It’s a Small World After All

Students, teachers share experiences on exposure to world languages, learning English as new language

Chenyao Liu
Chenyao Liu

Before moving to the United States, Fernando Yáñez, Spanish teacher and native Spanish speaker, spoke mostly Spanish in his daily life.

“I am a Spanish native speaker so I grew up in a Spanish-speaking country, in Spain, learning Spanish and going to a school in Spanish,” Yáñez said. “In high school, I started taking some English courses like students do here in Carmel.”

Yáñez later moved to the United States and was exposed to English, a language that he did not have much experience with outside of school courses.

“After high school, I didn’t practice much (English) probably in the next 10 years until I moved to the U.S. When I moved to the U.S., I basically started living in English and working in English and speaking with everyone in English,” Yáñez said. 

While he had his struggles with the language at first, Yáñez said that his high school knowledge helped greatly with his learning of English.

“I knew very little (English) and I understood very little. I just had the foundation of the high school courses, but thanks to that foundation and a lot of practice and a lot of watching television and talking with people, I was able to understand more and more each time and I would say it took me at least a good couple of years for me to become comfortable,” Yáñez said.

Some world language speakers, on the other hand, had little difficulties with their languages. Junior Pol Berger Romeu said he learned Spanish, Catalan, and English in his childhood and that he can speak all of those languages comfortably.

“Since I moved here early, I didn’t really struggle to learn (English). (My experience) was just like any other kid (that learns English by) just going outside and going to different places. They speak English so you pick up on it pretty quickly. I learned English just like the other languages I know,” Romeu said.

“I speak Spanish and Catalan everyday at home and when I go to Spain to visit my family, I speak it all the time. I’d say I’m pretty fluent in it. Speaking and hearing and understanding is pretty much the same as English,” Romeu said.

Tsion Daniel
Sophomore Zishuo Wang poses with a sign that says “Hi! My name is Zishuo” in his first language, Chinese. Wang said, “When you speak a different language than English, it is kind of difficult because the environment of learning English is not there where I lived.”

Romeu said his background in Spanish and Catalan has also helped him pick up other related languages.

“At school, I’ve taken French. French is really similar to Catalan. Catalan is essentially a mixture of Spanish and French,” Romeu said. “When you already know a language like Spanish or Catalan, those syllables translate pretty well to a language like French. You can already pronounce things a bit better. Also, with a lot of French terms and stuff like that, they’re already, if not identical, extremely similar to a language like Catalan.”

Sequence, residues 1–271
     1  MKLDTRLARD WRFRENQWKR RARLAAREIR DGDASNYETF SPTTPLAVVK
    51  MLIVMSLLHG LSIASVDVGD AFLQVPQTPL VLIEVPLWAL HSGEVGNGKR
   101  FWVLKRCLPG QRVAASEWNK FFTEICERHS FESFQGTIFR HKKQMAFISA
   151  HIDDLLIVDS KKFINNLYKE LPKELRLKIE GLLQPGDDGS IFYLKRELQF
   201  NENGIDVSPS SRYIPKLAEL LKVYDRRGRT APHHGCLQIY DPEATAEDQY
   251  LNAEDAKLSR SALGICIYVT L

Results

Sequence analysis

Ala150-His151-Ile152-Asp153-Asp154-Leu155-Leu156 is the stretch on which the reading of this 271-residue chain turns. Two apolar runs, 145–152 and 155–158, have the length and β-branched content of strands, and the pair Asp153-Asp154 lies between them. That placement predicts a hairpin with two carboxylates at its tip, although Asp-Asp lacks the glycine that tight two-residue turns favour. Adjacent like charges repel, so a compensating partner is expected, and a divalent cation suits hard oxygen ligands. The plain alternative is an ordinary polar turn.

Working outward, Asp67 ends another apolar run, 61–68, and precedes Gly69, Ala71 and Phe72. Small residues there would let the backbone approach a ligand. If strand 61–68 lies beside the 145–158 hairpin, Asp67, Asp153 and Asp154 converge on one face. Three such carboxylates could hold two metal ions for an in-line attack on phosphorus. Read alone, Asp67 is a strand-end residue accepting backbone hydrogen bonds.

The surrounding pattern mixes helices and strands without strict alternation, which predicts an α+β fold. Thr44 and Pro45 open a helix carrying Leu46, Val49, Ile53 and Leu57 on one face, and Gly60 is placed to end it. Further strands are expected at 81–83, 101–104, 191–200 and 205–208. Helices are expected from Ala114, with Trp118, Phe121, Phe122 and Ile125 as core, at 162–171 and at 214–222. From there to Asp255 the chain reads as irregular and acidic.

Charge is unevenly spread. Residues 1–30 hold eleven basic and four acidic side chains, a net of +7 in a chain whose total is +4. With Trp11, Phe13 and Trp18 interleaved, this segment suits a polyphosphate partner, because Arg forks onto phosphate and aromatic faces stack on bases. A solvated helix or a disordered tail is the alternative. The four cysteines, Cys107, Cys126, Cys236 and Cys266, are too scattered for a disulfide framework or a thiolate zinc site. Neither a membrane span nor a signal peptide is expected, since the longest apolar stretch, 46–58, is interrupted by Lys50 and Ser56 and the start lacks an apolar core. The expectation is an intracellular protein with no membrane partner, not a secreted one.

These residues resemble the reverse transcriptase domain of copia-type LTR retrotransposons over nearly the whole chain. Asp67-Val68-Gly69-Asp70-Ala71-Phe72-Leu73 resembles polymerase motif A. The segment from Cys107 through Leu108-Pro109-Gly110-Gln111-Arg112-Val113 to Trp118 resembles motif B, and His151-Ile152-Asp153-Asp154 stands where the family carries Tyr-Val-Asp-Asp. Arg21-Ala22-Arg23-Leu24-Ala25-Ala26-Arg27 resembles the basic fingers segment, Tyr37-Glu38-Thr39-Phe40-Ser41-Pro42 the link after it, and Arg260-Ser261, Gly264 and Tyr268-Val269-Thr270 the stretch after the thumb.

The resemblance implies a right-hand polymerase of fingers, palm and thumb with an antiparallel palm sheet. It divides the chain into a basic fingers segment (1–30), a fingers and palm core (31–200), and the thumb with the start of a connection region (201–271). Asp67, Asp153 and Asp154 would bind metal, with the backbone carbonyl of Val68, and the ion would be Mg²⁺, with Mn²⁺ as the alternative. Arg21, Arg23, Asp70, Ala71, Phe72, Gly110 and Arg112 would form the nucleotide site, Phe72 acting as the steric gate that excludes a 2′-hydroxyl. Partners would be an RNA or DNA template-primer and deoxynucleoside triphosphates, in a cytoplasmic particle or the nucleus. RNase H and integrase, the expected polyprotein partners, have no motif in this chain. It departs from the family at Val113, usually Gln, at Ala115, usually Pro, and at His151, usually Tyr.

While most students learn a language other than English at school, some students actually learn English at school. Sophomore Zishuo Wang moved to the United States from China when he was in preschool and learned English at school from kindergarten to fifth grade.

“I learned mainly from the school’s special programs. I think I learned mainly vocab during the program,” Wang said. “I guess school helped a lot with the environment of speaking English. At first, I spoke zero English and as I grow up, I have spoken it more and more.” 

Yáñez, Romeu and Wang all said they agreed immersion and simply being surrounded by the language helped them greatly with learning English and other languages. Yáñez said that media was a particularly useful tool.

“I think TV and movies are extremely important and right now, there are many tools that I even use when learning English. Various things like Netflix and all of these streaming companies where you can pick many shows and many movies and you can watch in Spanish and subtitles in Spanish (helped me),” Yáñez said. “I think it helps a lot and it has been very helpful for me (to learn English).”

Tsion Daniel
Sophomore Zishuo Wang reads a book in English. Wang said one way he improves his English is through reading.

Wang has also used more traditional resources to improve his English.

Wang said, “I’m definitely still working on improving my English skills. I learn vocab from reading textbooks and researching stuff.”

Yáñez said  ultimately putting in effort was one of the most important things he did to improve his English.

Yáñez said, “Number one is going to be a bit stereotypical, but you have to put effort. You have to put a lot of effort in your pronunciation and understanding people. Consistency and of course talking. Sometimes I don’t care if I make a mistake; I keep talking with the person. I try to communicate and, in the long term, it’s for the best. I just talk and talk and talk and talk.”

Romeu said his exposure with so many languages has given him numerous opportunities and potential paths to explore in his future.

“For me, especially looking into my future, I have so many different possibilities with different languages. If I really wanted to, I could see myself moving to Europe after college or even before college,” Romeu said. “The real intangible benefit of speaking all these languages is really the opportunities it opens up, whether that’s for jobs or college opportunities.”